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ANN VERONICA TALKS TO HER FATHER-1-2
ANN VERONICA TALKS TO HER FATHER-3-4
ANN VERONICA TALKS TO HER FATHER-5-6
ANN VERONICA TALKS TO HER FATHER-7
ANN VERONICA GATHERS POINTS OF VIEW-1-2
ANN VERONICA GATHERS POINTS OF VIEW-3
THE MORNING OF THE CRISIS-1-2
THE MORNING OF THE CRISIS-3-4-5
THE MORNING OF THE CRISIS-6-7
THE CRISIS-1-2-3-4
THE FLIGHT TO LONDON-1-2-3
THE FLIGHT TO LONDON-4-5-6
EXPOSTULATIONS-1-2-3-4
EXPOSTULATIONS-5-6
IDEALS AND A REALITY-1-2
IDEALS AND A REALITY-3-4
IDEALS AND A REALITY-5-6-7
BIOLOGY-1-2
BIOLOGY-3-4-5-6
BIOLOGY-7-8-9
DISCORDS-1
DISCORDS-2-3-4
DISCORDS-5-6-8-9
THE SUFFRAGETTES-1-2-3
THE SUFFRAGETTES-4-5
THOUGHTS IN PRISON-1-2-3-4-5-6
ANN VERONICA PUTS THINGS IN ORDER-1-2-3-4-5-6-7
THE SAPPHIRE RING-1-2-3-4
THE SAPPHIRE RING-5-6
THE COLLAPSE OF THE PENITENT-1-2-3
THE COLLAPSE OF THE PENITENT-4-5-6
THE LAST DAYS AT HOME-1-2-3
IN THE MOUNTAINS-1-2-3-4
IN THE MOUNTAINS-5-6-7-8-9-10-11
IN PERSPECTIVE-1-2-3

merely the maid moving about in the hall. 

 

"Wonderful man!" said Ann Veronica, reassured, and stroking his cheek 

with her finger. 

 

Capes made a quick movement as if to bite that aggressive digit, but it 

withdrew to Ann Veronica's side. 

 

"I was really interested in his stuff. I WAS talking to him before I saw 

his name on the card beside the row of microscopes. Then, naturally, I 

went on talking. He--he has rather a poor opinion of his contemporaries. 

Of course, he had no idea who I was." 

 

"But how did you tell him? You've never told me. Wasn't it--a little bit 

of a scene?" 

 

"Oh! let me see. I said I hadn't been at the Royal Society soiree for 

four years, and got him to tell me about some of the fresh Mendelian 

work. He loves the Mendelians because he hates all the big names of 

the eighties and nineties. Then I think I remarked that science was 

disgracefully under-endowed, and confessed I'd had to take to 

more profitable courses. 'The fact of it is,' I said, 'I'm the new 

playwright, Thomas More. Perhaps you've heard--?' Well, you know, he 

had." 

 

"Fame!" 

 

"Isn't it? 'I've not seen your play, Mr. More,' he said, 'but I'm told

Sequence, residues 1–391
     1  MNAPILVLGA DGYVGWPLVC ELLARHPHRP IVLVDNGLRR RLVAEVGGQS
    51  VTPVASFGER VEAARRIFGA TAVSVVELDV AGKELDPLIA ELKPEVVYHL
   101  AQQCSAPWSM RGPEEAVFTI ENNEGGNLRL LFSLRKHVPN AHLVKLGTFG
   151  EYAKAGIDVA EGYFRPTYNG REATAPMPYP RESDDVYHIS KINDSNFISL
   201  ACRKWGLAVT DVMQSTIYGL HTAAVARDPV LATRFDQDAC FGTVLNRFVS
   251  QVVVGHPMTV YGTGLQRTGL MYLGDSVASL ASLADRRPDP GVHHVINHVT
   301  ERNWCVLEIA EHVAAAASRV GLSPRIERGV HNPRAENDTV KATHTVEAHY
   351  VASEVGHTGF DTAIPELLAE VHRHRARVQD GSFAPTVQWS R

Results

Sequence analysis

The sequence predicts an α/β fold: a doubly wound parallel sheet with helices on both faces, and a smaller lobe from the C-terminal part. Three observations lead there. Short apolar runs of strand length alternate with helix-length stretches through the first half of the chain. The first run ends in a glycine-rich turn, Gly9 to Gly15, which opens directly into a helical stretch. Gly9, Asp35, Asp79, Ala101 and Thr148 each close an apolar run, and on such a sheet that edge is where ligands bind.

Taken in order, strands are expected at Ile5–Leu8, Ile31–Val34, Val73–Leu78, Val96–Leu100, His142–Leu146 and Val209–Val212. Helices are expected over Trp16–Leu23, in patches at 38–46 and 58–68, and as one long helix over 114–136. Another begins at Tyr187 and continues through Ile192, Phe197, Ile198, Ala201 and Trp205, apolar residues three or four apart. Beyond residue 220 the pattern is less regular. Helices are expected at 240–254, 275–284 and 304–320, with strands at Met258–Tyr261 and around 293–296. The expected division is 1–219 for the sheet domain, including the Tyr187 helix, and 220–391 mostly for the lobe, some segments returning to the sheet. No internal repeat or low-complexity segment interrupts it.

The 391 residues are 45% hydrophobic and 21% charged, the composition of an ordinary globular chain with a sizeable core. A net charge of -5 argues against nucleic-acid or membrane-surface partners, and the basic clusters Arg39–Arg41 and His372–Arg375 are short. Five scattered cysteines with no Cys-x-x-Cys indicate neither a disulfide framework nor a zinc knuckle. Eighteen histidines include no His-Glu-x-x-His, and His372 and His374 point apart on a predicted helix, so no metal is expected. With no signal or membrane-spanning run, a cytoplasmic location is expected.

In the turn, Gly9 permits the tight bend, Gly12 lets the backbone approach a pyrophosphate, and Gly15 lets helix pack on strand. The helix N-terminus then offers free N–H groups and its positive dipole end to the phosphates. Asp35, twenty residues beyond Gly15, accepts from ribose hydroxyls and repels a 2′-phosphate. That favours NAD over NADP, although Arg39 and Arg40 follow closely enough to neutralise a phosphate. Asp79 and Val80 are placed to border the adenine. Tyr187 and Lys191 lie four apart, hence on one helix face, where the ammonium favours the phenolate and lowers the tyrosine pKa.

it's the most amusing thing in London at the present time. A friend 

of mine, Ogilvy'--I suppose that's Ogilvy & Ogilvy, who do so many 

divorces, Vee?--'was speaking very highly of it--very highly!'" He 

smiled into her eyes. 

 

"You are developing far too retentive a memory for praises," said Ann 

Veronica. 

 

"I'm still new to them. But after that it was easy. I told him instantly 

and shamelessly that the play was going to be worth ten thousand pounds. 

He agreed it was disgraceful. Then I assumed a rather portentous manner 

to prepare him." 

 

"How? Show me." 

 

"I can't be portentous, dear, when you're about. It's my other side of 

the moon. But I was portentous, I can assure you. 'My name's NOT More, 

Mr. Stanley,' I said. 'That's my pet name.'" 

 

"Yes?" 

 

"I think--yes, I went on in a pleasing blend of the casual and sotto 

voce, 'The fact of it is, sir, I happen to be your son-in-law, Capes. I 

do wish you could come and dine with us some evening. It would make my 

wife very happy.'" 

 

"What did he say?" 

 

"What does any one say to an invitation to dinner point-blank? One tries 

to collect one's wits. 'She is constantly thinking of you,' I said." 

 

"And he accepted meekly?" 

 

"Practically. What else could he do? You can't kick up a scene on the 


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